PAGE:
New York City adopted its first zoning regulations in 1916. Many parts of the city – including Riverdale – were zoned for high-density development, even though they were sparsely populated at the time.
Change came slowly to Riverdale until after World War II, when the Henry Hudson Bridge opened and a wave of apartment houses began to make their way north along the Henry Hudson Parkway. Community activists quickly organized and developed a vision of Riverdale’s future that balanced growth and preservation. In late 1953, the NYC Department of City Planning won approval for zoning changes that would implement the community’s vision.
In the new scheme, the apartment houses would follow the top of the ridge along Riverdale Avenue. They would be balanced by a wide ribbon of single-family, detached homes and the existing institutions on the slopes between the ridge and the River. There would be a gradual transition from single-family to high rise areas, and commercial development would be concentrated in areas where the traffic it generated would not infringe on residential streets.
The planning effort was so comprehensive that the resulting zoning changes still define large parts of Riverdale today.
In 2003, the City Council approved Community Board 8’s newest land use plan: CD 8 2000: A River to Reservoir Preservation Strategy. The new plan looked at current needs in the District, and made it clear that preservation of neighborhood character is an overriding concern. Thirteen areas were recommended for rezoning. To see a summary of all of the Plan’s recommendations, click here.
Current Zoning in CD 8
The table below lists the zoning districts that are currently mapped in Bronx CD 8. Actual regulations are much more extensive; this table only gives a broad idea of the types of development envisioned for each zoning district.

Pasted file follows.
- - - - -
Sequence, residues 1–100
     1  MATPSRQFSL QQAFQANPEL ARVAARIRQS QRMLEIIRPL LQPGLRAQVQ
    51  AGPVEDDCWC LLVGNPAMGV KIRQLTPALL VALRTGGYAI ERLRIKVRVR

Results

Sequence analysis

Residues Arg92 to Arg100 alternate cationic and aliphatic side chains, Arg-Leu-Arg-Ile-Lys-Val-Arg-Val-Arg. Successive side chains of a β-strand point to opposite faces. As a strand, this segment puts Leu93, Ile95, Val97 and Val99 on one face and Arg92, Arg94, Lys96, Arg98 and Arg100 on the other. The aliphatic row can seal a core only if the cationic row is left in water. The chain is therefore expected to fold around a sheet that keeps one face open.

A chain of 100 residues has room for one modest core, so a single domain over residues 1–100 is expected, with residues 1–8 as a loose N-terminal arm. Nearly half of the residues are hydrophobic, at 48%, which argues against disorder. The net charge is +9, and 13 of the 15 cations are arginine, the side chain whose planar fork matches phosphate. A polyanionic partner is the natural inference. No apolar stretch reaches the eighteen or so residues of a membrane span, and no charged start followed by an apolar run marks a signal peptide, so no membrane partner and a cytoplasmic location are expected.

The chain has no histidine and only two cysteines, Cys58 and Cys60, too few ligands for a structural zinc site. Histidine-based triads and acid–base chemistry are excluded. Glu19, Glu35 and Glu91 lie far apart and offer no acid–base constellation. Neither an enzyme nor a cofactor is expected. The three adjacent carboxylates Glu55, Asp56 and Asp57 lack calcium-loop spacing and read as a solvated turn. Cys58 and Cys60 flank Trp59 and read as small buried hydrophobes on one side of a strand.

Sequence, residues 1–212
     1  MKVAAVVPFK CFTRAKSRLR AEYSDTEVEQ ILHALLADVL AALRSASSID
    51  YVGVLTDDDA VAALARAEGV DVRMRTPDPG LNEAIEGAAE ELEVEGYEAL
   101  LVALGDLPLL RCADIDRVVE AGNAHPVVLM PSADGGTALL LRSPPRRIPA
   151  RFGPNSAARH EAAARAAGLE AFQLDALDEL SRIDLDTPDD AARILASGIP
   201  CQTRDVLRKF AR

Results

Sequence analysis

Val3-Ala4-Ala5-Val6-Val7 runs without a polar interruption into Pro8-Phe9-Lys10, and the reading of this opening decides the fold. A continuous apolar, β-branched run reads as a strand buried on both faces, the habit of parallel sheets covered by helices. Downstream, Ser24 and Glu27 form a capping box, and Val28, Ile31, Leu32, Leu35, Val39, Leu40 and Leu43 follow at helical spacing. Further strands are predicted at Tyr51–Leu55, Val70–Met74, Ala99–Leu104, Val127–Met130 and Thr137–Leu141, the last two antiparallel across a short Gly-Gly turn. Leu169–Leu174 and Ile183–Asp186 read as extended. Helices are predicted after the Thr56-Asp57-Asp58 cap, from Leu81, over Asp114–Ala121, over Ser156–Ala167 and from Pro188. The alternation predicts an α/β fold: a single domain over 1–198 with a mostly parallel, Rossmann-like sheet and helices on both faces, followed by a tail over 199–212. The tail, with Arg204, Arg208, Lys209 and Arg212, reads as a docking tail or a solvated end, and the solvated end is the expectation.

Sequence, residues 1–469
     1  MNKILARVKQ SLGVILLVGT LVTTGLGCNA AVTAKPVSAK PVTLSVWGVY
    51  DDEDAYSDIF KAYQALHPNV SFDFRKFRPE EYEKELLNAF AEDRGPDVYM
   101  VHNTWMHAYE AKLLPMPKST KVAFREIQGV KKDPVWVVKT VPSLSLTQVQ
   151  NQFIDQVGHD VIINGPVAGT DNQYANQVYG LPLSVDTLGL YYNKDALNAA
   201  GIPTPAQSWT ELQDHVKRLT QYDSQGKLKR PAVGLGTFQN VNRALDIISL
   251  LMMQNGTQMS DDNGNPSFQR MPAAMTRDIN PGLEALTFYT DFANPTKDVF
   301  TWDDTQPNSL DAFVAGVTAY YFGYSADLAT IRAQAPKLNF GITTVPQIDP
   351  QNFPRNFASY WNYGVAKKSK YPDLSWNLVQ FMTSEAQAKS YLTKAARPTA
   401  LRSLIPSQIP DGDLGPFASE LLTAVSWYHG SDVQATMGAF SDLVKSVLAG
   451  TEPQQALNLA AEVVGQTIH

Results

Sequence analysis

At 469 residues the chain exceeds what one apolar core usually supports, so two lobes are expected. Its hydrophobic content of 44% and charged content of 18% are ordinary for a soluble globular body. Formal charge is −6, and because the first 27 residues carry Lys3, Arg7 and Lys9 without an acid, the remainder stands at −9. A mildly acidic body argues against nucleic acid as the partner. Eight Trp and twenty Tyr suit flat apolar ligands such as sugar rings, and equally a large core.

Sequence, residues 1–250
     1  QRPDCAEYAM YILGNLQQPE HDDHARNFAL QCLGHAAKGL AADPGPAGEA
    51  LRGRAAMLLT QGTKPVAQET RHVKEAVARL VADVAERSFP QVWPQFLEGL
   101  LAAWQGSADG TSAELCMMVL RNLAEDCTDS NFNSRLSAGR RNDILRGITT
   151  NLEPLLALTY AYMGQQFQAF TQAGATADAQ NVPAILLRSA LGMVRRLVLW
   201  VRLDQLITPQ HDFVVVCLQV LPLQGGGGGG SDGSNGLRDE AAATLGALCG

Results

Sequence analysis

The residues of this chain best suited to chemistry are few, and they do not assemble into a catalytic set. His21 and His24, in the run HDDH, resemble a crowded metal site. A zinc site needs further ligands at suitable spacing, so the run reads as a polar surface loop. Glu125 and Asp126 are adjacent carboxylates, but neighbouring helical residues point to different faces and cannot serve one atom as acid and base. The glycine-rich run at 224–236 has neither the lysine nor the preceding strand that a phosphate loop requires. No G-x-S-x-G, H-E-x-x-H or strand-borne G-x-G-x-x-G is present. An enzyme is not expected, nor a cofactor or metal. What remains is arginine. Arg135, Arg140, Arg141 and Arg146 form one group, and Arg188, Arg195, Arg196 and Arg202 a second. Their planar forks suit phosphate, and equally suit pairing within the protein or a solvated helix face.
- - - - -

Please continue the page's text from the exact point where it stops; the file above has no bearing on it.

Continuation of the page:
Zoning Districts in Bronx Community District 8
Selected distinguishing characteristics and functions. (For full regulations, see zoning text)
|R 1-1||lowest density residential zone in the city; single-family detached only||minimum lot width: 100 ft.; minimum lot size: 9,500 square feet|
|R 1-2||single-family detached residences only||minimum lot width: 60 feet; minimum lot size: 5,700 square feet|
|R 2||single-family detached residences||minimum lot width: 40 feet; minimum lot size: 3,800 square feet|
|R 3-1||single- and two-family residences, detached or semi-detached||minimum lot width for detached: 40 feet; for semi-detached: 18 feet|
|R 3A||contextual residential district; single- and two-family residences, detached only||allows much narrower lot width for detached than R3-1: 25 feet; lowest density district to allow zero-lot-line buildings|
|R 4||allows multiple dwellings such as garden apartments and row houses|
|R 4A||contextual residential district; single- and two-family residences, detached only|
|R 5||allows same housing types as R4 but at higher density||often used as transition between lower- and higher-density areas|
|R 6||medium-density housing||typically between 3 and 12 stories tall|
|R 6A||contextual residential district; allows more lot coverage than R 6, but typically lower heights.||typically 6 stories|
|R 7-1||medium-density residential||typically 14 stories|
|R 7A||greater lot coverage and lower height and setback requirements than R 7.||typically bulky 6- to 8-story residential buildings|
|C 1-2; C 1-3||commercial district; accommodates the retail and personal service shops needed in residential district||typical uses are intended to serve the daily needs of the immediate neighborhood|
|C 2 districts permit a wider range of local retail and service establishments than C 1 districts||intended for businesses that cannot be supported solely by the immediate neighborhood|
|automotive and other heavy commercial services||bridge between commercial and manufacturing districts|
|light manufacturing; must meet strict noise, air pollution, and other nuisance-creating activity levels||located adjacent to low-density residential districts|
|SNAD||Special Natural Area District overlay intended to preserve unique natural characteristics of an area|